This was carried to such a length, and he was so eloquent on the subject that the police were desired to interfere, and he was made to hold his tongue, at any rate as far as England and Ireland were concerned. He had made Galway a kind of centre home, attracted thither by the friendship which his daughter had made with Ada and Edith Jones.

"Oh, do not leave me, my mistress," exclaimed Marianna, clinging to her dress. "You will be killed, to a certainty, if you go up among all the fighting. No, you shall not go!" Ada did not attempt to disengage herself, for she remembered her promise to Colonel Gauntlett, and she felt how worse than useless she would there be.

Every one on board the Ione prayed for a fair wind, and plenty of it, to carry them along rapidly to the scene of their operations. The officers, who could but sympathise with their captain from having known Ada Garden, were, of course, the most eager, and never, perhaps, were a set of men collected better able to aid in accomplishing the same object.

After her dress was arranged she went to the table for her old white gloves, the cleaning of which had cost her much trouble, for her mother did not seem to be at all interested in them, so Ada did as well as she could. As she was about to put them on her mother returned from a drawer, into the recesses of which she had been diving, and from which she brought a paper carefully folded.

Acting then on this idea merely because Ada had been beautiful she had gone to work, and this had come of it! In that minute that was allowed to her as the boiled mutton was cooling on the dresser beneath her hand, all this passed through her mind. "Wrong done by me to Ada!" said the Captain. "I have said it; but if you are a gentleman you will forget it.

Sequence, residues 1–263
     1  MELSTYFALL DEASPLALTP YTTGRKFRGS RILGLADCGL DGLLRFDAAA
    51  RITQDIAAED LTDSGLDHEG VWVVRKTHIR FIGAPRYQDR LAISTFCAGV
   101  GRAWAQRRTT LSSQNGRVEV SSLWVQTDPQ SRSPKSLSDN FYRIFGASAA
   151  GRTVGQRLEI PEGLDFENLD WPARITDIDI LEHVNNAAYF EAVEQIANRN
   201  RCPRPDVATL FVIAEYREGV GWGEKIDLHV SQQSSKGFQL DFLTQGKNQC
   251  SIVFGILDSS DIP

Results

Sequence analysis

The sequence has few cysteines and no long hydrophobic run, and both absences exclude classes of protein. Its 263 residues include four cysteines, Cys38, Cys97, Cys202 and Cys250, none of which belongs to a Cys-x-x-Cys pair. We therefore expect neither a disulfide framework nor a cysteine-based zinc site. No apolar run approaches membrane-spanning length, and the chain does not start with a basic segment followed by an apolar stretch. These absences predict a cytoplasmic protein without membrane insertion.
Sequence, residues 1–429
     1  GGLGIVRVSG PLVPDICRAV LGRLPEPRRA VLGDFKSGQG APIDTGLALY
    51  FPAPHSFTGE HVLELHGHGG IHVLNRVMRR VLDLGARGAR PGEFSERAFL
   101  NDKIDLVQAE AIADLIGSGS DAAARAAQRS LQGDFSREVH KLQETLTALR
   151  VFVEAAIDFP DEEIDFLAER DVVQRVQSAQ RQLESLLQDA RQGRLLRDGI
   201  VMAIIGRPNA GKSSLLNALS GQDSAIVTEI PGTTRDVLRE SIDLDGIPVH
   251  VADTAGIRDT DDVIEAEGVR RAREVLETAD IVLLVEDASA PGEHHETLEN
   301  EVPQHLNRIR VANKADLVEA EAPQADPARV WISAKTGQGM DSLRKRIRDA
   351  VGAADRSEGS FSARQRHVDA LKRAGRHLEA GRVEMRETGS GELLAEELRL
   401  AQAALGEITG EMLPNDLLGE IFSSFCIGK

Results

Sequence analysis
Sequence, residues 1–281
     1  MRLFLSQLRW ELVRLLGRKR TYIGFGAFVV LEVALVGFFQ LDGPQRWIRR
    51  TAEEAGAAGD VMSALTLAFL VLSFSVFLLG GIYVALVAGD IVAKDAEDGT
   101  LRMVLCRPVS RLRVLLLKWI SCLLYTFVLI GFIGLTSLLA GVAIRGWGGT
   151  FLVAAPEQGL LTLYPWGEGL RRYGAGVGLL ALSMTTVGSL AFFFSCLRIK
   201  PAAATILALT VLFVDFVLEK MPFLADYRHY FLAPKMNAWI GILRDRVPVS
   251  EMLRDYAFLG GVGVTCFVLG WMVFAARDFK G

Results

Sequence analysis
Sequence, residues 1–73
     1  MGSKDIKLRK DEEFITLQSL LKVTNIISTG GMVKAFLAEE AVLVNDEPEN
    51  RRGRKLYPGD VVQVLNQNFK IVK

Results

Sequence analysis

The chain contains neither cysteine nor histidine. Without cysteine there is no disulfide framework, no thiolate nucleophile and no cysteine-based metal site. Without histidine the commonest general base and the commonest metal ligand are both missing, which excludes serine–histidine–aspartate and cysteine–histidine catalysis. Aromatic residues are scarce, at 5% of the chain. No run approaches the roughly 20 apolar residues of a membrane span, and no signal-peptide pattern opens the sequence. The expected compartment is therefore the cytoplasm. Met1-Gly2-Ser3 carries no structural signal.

'So she is; and that makes it all the more trying to be treated like the Grand Inquisitor. 'Shall I speak to her? She is always as pleasant as possible with me. 'Oh no, don't. It would only make it worse, and prevent you from having her confidence. 'Ah, Jane, I have often thought your one want was gentleness, said Miss Ada, with the gesture of her childhood -her head a little on one side.

They shared their apples and gingerbread with me, and brought me goodies on a plate sometimes so that I might eat my dinner, they said, 'like the rest of the folks, I fetched them to and from school, and trotted every day to the post-office and the Corners to do the family errands; and when our Ada was old enough to be trusted to drive, the whole lot of them would pile into the carryall, and away we would go for a long ride, through the lanes and the shady woods that border the pond, stopping a dozen times for the girls to clamber out and pick the wild posies and for the boys to skip stones or wade in the water.

The women, although sympathetic, were puzzled by some of his remarks, and therefore sat in silence for a little, but presently the volatile Ada looked up and said "What thinkest thou, Hilda, in regard to war?" "I know not what to think," replied Hilda. "Nay, then, thy spirit must be flying from thee, for thou wert not wont to be without an opinion on most things.

She could hitch up a team and drive it like a man. There was only one drawback to Ada. On Saturday when we were busiest she went home and to church; and on Sunday she hung out the washing. Ada was a loyal Adventist. Settlers meeting on the trail hailed one another with "Hello! Where you from? I'm from Illinois" or Virginia or Iowa. "You breakin'?" They had no time for backgrounds.

Within one week I had picked up wonderfully. At the end of that week Ada and I were quite chummy. She asked me one day if I were married. No. Was she? “You don't think I'd be working like this if I was, do you?” When I asked her what she would be doing if she didn't have to work, she answered, “Oh, lots of things.” Nor could I pin her to details.